Find Out How Much It Costs To Charge Tesla Model 3

APR 9 2018 BY STEVEN LOVEDAY 67

One of the biggest considerations when buying a new car is how much it will cost to “fuel” it, so here’s an idea of what that might look like for the Tesla Model 3.

YouTube vloggers Zac and Jesse from NowYouKnow have been driving their Model 3 for several months now, so they have a good idea about how much it has cost them to keep it charged. In fact, they’ve been putting together informative Model 3-related videos since just about the first day they received the car. The nice part is that their videos are short, to the point, and easy-to-understand, especially for those that are new to the segment.

Related: Tesla Quietly Jacks Up Supercharging Rates In U.S.

Red Tesla Model 3 SuperchargingFor those that don’t know the process, the guys take you through exactly how to figure out fuel costs. They use an Audi A4 for the ICE portion, since its pretty comparable to the Model 3 in many ways. Their quick math (because the calculations for an ICE car are pretty straightforward) puts its fuels costs at $933 per year.

You’ll need a much bigger napkin to figure out the math for the Tesla Model 3. This is because you have to deal with MPGe and kWh, etc. While this info is old hat for long-time EV owners, the general population probably needs some coaching. Fortunately, NowYouKnow does a stellar job of making sure that this information is crystal clear.

Anyhow, in the end, the Model 3 costs as little as $231 and as much as $636 to travel the same amount of miles as the gas-powered Audi. This is because electricity rates vary geographically. Taking an average, they figure a savings of $558 per year. They also briefly touch on off-peak rates and how to figure out Supercharging costs.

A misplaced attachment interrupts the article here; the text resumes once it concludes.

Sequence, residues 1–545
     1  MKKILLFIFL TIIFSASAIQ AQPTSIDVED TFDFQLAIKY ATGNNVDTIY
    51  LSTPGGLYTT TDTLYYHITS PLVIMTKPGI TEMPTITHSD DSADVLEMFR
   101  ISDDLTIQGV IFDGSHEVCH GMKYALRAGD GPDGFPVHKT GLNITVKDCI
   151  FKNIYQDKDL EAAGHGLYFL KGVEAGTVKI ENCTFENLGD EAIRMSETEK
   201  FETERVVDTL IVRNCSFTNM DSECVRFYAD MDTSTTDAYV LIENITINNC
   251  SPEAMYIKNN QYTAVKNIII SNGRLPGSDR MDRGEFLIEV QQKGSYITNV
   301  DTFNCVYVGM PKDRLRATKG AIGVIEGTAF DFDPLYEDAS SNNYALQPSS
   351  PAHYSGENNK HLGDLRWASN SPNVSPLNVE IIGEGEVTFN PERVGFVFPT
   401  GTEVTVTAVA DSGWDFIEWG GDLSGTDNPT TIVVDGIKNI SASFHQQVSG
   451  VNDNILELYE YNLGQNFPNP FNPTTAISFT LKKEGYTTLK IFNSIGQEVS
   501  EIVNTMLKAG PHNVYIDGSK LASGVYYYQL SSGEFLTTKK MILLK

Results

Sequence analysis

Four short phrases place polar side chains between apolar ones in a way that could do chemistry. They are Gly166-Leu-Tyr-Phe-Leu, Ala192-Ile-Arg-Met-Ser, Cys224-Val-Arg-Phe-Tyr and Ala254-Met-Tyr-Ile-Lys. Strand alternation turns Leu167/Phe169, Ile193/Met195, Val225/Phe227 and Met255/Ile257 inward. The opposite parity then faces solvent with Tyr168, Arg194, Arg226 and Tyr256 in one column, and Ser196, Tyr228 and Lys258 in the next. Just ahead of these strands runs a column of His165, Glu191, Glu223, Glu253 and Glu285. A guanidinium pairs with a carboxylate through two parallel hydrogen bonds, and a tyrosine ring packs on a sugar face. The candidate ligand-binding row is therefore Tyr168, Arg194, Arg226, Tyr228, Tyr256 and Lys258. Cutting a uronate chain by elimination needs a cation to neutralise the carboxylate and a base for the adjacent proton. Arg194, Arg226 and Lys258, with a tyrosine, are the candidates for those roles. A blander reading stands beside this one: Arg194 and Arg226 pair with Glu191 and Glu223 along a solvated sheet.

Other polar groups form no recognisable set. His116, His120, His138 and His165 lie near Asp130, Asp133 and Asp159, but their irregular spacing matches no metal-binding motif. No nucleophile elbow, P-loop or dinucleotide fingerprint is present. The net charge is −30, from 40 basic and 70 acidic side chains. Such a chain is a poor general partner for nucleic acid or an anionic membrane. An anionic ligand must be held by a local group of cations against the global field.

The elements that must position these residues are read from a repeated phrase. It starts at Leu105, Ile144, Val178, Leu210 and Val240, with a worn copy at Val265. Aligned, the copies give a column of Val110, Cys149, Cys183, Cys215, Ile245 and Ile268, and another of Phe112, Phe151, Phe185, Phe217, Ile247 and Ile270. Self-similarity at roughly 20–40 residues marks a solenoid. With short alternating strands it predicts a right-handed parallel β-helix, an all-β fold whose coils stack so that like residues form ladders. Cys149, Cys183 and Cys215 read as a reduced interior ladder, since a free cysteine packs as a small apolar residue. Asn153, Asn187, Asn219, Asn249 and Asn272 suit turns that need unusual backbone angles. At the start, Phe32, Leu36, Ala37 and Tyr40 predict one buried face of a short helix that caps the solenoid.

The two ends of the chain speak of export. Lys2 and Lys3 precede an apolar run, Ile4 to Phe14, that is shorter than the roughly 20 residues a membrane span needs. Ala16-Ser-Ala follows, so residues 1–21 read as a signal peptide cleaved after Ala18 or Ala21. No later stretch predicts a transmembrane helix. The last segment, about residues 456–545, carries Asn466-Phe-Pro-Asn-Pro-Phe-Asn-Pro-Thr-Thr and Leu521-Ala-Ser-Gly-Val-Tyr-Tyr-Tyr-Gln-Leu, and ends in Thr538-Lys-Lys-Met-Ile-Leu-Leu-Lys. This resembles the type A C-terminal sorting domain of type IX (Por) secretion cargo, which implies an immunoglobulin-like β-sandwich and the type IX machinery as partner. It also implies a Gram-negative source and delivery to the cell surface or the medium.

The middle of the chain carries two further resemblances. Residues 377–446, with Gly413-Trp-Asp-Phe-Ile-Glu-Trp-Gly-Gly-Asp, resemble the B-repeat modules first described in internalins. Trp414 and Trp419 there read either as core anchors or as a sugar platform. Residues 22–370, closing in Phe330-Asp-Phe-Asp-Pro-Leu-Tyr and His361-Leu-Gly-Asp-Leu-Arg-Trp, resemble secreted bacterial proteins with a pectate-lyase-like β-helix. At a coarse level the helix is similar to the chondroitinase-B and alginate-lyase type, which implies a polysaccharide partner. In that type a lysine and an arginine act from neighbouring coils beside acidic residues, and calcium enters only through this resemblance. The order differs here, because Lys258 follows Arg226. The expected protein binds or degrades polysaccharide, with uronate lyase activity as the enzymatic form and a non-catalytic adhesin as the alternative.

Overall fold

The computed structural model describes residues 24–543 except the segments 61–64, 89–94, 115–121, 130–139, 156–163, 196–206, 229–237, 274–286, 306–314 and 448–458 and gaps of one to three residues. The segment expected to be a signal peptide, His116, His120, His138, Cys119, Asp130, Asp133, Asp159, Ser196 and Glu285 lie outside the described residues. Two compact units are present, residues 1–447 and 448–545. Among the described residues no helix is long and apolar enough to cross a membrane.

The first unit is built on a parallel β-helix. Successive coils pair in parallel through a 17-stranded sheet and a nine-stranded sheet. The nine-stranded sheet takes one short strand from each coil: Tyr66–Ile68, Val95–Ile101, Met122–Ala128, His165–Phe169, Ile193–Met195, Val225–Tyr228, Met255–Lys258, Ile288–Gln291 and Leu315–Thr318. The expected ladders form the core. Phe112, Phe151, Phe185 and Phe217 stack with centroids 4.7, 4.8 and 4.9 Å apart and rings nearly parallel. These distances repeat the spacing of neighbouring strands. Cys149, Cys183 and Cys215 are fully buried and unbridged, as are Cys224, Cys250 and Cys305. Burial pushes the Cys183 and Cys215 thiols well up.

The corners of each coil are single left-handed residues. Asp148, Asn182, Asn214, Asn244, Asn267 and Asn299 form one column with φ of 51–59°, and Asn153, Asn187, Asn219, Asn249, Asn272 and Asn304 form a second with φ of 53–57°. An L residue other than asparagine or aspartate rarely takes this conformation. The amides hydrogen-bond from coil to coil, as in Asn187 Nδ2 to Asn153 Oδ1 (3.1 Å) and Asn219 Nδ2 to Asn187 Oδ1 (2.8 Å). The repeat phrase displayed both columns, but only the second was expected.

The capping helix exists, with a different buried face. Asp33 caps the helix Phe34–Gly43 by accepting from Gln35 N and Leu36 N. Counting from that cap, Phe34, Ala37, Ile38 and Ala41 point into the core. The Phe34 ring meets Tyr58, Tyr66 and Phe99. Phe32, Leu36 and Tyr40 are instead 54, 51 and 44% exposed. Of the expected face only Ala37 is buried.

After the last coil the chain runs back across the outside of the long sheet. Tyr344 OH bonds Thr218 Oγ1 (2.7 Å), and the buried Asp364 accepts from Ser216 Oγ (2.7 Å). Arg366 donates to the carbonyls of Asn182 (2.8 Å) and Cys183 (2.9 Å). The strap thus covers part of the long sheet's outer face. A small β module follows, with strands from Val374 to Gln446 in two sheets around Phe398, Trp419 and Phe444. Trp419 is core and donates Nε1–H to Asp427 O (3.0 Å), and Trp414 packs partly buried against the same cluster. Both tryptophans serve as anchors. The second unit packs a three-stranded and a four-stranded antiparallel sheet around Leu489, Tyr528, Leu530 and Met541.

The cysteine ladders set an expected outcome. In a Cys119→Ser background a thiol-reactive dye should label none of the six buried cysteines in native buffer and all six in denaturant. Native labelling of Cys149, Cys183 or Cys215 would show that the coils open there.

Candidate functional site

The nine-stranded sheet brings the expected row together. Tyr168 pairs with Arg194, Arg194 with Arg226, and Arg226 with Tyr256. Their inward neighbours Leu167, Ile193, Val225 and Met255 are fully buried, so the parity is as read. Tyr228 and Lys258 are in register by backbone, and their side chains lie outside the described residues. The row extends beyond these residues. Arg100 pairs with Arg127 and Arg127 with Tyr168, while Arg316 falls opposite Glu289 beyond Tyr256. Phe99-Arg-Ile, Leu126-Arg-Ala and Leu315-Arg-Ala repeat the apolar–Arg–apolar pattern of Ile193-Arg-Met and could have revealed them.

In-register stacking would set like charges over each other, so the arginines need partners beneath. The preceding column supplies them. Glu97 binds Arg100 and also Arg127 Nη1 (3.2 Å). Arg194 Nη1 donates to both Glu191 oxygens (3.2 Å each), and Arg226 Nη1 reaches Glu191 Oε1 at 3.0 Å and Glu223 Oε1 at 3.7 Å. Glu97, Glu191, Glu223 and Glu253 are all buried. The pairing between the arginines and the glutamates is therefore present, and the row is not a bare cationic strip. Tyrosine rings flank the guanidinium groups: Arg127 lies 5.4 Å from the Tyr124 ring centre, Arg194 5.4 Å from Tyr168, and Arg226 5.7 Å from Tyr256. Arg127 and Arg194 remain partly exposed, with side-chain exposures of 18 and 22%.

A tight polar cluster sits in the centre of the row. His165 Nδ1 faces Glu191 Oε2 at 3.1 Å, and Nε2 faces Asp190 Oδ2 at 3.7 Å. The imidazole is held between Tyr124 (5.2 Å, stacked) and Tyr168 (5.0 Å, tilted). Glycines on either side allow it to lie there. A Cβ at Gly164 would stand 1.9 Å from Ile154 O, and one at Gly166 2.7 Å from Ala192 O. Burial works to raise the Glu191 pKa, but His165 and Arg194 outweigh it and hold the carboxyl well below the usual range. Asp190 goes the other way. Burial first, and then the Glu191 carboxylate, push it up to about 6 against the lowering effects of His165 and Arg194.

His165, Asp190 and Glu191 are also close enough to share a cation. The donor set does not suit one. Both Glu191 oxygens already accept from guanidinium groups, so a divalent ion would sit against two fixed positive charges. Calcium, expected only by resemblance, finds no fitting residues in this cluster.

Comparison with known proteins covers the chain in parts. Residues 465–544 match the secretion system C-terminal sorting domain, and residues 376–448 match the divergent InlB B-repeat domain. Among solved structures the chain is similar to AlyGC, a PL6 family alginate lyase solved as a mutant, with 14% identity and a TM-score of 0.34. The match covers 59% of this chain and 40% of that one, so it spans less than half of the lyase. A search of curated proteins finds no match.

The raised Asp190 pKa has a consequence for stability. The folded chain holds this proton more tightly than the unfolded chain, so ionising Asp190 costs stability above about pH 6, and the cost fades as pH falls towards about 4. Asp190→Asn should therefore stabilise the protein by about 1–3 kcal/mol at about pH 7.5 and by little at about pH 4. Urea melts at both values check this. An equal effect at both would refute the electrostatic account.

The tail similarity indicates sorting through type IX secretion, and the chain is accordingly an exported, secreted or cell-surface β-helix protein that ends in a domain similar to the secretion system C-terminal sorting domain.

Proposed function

Keep the conversation going on our Forum. Start a new thread about this article and make your point heard.

Video description via NowYouKnow on YouTube:

On this episode, Zac and Jesse do the math to find out how much it will cost to charge your Tesla Model 3! Now You Know!

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67 Comments on "Find Out How Much It Costs To Charge Tesla Model 3"

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Only beacuse there is a Fuel tax. Let everyone drive electric there will be an electricity tax and savings will be 0 or worse

Except when you live in a state that charges an EV surcharge. I have it in MN, I know it’s in Oregon and Georgia.

And oh, I already pay a tax on my electricity, thank you very much.

ICE plant.

Your electricity tax doesn’t go to road upkeep. As the transportation section moves to EVs, states will need to implement mandatory annual inspections (if they don’t already) and this will allow for an annual road tax assessment based on actual miles driven.

My state (and most, if not every state) pulls money out of the General Fund to fund the gap between gas tax income and road work expenditures. The sales tax on my electricity goes into the General Fund which is then used to repair/build roads.

EVs already are taxed on their “fuel” and that money pays for road work through the General Fund. To claim otherwise is either disingenuous or an honest mistake. I hope it was an honest mistake and I hope I have provided good information.